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The White House’s Budget Request for NASA For 2025 Includes $25.4 Billion

In its federal budget request for the fiscal year 2025, the White House included $25.4 billion for NASA, which was made public on March 11. That represents a 2% increase over the $24.9 billion the agency is expected to get for the 2024 fiscal year, which was approved by Congress as recently as last Friday, March 8.

Compared to the White House’s request of $27.2 billion for the current fiscal year, that amount that was adopted is a significant reduction. Therefore, there’s no assurance that NASA will receive the entire $25.4 billion that it has requested for its fiscal 2025, which begins on October 1st, of this year.

NASA will ultimately receive a very little portion of the funding pie: The requested amount for federal spending in 2025 is almost $7.3 trillion.

NASA’s Artemis mission, which seeks to land a human presence on and around the moon by the end of the 2020s, is allotted $7.6 billion in the planned 2025 budget.

According to NASA officials, the agency would remain on course to launch the Artemis 2 mission in September 2025, circling the moon, and deploy Artemis 3 a year later, putting boots on the ground close to the lunar south pole.

The budget request also supports domestic crewed spaceflight programs. As an instance, it allots $109 million toward the creation of a vehicle that will assist in the safe deorbit of the International Space Station (ISS) in 2030 or so, in collaboration with the commercial sector. The proposal also keeps funding the creation of one or more privately funded low-Earth orbit (LEO) ISS replacements.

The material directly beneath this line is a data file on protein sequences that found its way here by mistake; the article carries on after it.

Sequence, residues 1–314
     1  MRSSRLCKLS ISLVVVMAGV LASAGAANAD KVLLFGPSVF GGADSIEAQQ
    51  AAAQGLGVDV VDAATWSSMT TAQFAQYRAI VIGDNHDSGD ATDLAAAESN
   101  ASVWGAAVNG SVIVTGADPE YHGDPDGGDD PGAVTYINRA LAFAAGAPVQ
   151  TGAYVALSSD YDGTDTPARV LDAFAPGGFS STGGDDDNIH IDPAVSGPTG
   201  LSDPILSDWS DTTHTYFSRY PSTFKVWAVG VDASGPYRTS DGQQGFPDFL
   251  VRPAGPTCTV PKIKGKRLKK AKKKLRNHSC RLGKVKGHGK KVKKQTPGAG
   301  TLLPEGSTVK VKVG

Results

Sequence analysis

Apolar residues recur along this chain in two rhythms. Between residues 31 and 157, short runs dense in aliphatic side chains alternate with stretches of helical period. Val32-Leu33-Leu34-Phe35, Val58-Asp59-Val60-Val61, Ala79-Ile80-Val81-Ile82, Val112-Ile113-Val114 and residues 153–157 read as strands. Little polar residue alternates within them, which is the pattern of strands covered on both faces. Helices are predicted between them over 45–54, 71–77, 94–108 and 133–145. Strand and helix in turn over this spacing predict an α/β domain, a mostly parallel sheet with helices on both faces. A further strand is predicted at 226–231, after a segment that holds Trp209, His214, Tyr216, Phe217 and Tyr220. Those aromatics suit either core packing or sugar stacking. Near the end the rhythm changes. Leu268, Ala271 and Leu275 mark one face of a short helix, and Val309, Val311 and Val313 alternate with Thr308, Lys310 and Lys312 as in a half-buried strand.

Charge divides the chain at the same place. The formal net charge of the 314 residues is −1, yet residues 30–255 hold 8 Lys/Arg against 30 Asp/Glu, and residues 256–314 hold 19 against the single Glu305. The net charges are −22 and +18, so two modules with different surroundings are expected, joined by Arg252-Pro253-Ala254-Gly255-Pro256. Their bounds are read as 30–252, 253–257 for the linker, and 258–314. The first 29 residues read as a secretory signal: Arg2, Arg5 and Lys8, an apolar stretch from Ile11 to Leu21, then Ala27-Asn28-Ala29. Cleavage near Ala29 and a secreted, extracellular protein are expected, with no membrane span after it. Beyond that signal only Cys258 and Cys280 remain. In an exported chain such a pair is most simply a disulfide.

During a budget call with reporters today, NASA Chief Financial Officer Margaret Vo Schaus stated, “Specifically, this request includes $170 million for three commercial LEO partnerships in Phase 1 that are all working through early design maturation.”

Enacted legislation would allocate $2.73 billion for robotic planetary exploration, enabling NASA to proceed with the development of new missions like Dragonfly, a rotorcraft intended to investigate Titan, Saturn’s massive moon that may support life.

Mars sample return (MSR), an ambitious project that NASA and the European Space Agency are working on together, will get a portion of the $2.73 billion. The goal of MSR is to return samples that NASA’s Perseverance rover has gathered to Earth in the 2030s.

According to a recent audit by the NASA Office of Inspector General, MSR—a top priority for NASA and the space exploration community as a whole—has had cost overruns, schedule concerns, and other problems. Because of this, the agency has decided not to set the MSR budget for 2024 or 2025 until it has more information. An independent review committee, which is anticipated to release a report by the end of March, will provide such information. Nelson and other NASA officials stated that as a result, NASA ought to have clarification over the anticipated MSR budget shortly.

Nicola Fox, associate administrator for NASA’s Science Mission Directorate, stated during yesterday’s budget telecon, “We’re looking forward to getting the results from the independent review team, and then we’ll have to make some pretty tough choices.”

“Obviously, we have to maintain a balanced portfolio overall,” she stated. “So, you know, that’s going to be a tough choice for us. But stay tuned, and we’ll get you the answer in April.”

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